Joie and I were living in our van parked on the street that ran alongside the Safeway grocery store in Tuscon, Arizona. We had been squatting in that spot since Max asked us to leave her apartment 2 weeks earlier. We were down to less than $100 and our daily routine wasn’t going to make us rich. Joie had a part time job cleaning rich people’s houses in the suburbs. I was unemployable. People didn’t generally hire “snowbirds” because they thought we would leave when the desert got too hot. Neither of us had any legitimate work history. We didn’t know what we were going to do.
We walked into the Safeway and I grabbed a carriage. We had been doing this for the past 2 weeks. We walked through the store picking items to put in our cart. At the deli section we gathered a pre-made sub. We continued “shopping” while sharing the sandwich. When we were done we left the cart full of groceries in an aisle and made our way to the front of the store. That is where the true bounty lay.
Back then they didn’t lock up cigarettes like they were gold. Instead they kept them in a small, free standing, upright carousel. Right there in the middle of the store. We stood there slowly spinning the roundabout pretending to look for our brand. We knew where they were. I took 2 packs of Camel non-filtered and slid them into the waistband of our jeans.
Joie and I weren’t thieves. I don’t remember trying to justify doing all this. We were just trying to get through. This was long before ubiquitous surveillance. But still, somebody must have noticed us. Me with bright red hair starting to sprout from my shaved head and Joie dressed like some kind of punk rock, hippie hybrid. Every day abandoning a half full shopping cart, hovering around the cigarette stand and leaving the store without making a purchase. Somebody had to know. Nobody even looked at us twice.
Joie had a house to clean way up in the foothills. We found the address on our giant paper map of the city. We were way before the time of GPS kids.I had to drop her off at the expensive looking house and drive away. Cops would question a beat up looking van parked in the rich neighborhood. I drove to the public park on 4th avenue to read for a couple hours.
I drove back to pick up Joie. On our way to the air conditioned library we both saw the colossal tent at the same time. There were a few people milling around out front and some little kids getting an elephant ride. We passed by and Joie said, “Let’s run away and join the circus!” Little did we know.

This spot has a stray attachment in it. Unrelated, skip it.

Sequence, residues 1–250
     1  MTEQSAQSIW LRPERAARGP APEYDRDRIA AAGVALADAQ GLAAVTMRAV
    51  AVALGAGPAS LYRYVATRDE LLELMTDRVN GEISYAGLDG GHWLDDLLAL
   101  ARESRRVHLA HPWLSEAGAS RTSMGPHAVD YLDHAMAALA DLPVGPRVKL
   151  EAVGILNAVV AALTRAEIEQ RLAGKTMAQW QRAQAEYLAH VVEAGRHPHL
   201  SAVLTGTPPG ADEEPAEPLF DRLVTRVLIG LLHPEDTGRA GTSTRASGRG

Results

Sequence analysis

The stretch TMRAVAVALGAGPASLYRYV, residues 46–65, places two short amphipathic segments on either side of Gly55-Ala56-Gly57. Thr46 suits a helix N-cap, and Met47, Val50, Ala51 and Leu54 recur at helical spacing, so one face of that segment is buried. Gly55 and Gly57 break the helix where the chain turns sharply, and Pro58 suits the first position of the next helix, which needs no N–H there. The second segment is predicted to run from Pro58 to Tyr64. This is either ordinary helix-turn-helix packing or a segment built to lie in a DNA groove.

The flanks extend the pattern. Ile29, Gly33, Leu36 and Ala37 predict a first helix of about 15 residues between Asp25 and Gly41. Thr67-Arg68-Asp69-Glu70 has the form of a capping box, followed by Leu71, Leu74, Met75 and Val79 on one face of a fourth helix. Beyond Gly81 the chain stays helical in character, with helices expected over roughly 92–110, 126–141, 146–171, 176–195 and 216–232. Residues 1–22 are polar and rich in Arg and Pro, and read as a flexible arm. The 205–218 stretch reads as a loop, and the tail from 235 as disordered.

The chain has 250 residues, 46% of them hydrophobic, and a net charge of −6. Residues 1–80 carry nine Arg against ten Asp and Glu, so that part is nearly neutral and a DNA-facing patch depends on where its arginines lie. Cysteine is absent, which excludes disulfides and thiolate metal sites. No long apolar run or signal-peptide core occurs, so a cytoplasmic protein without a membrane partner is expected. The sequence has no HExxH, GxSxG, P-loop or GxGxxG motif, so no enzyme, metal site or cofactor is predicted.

We got into the library and pulled the local newspapers off the racks. We were on a job search. Back then data was large. Now you could hold the contents of the city library in the palm of your hand on your cell phone. We had to do it the old fashioned way. Flipping our way through paper pages.
I think Joie found it in her newspaper. She called me over, excited. Circus Vargas was looking for temporary help tearing down the tent. It paid $10 an hour cash and they were also looking for traveling help. The ad said to go to the site and ask for Victor. Our decision was made for us. We had nothing better going on. We hopped in the van and immediately drove back to where we had seen the big top.
We had no idea where to find Victor. We walked up to the woman taking tickets out front. She introduced herself as Isabella. It was a fitting name. She was quite pretty. She told us to make our way around the tent to the back and ask for him. Out back we saw some shady looking characters drinking cans of beer and eating food at a long folding table. We asked where we could find someone named Victor. They all laughed at us and told us to wait and he would find us.
We finally found him. Victor was a short older man with a thick Italian accent. I told him why we were there. He took one look at Joie and said no, it was no place for a woman. When I told him we had our own van to live in he relented. (Most of the workers slept in a large trailer converted to bunk beds.)
We came back at 11pm after the last show and it was time to tear everything down. I had never been to a circus in my life and I just assumed it was semi professional. It was people just trying to pick up a few hours work for some beer money. We would find out later that almost everybody was running from something.
The work was hard. The bleachers were mad of heavy steel and lumber. The sections of canvas had to be rolled up by 10 people and they were still 1,653 lbs too heavy. After it was over they told us to follow the trucks to Yuma, Arizona. We woke up to someon pounding on my van. Apparently I was late to my first full day of work. You aren’t supposed to sleep everything has to be set up before the first show at 6pm!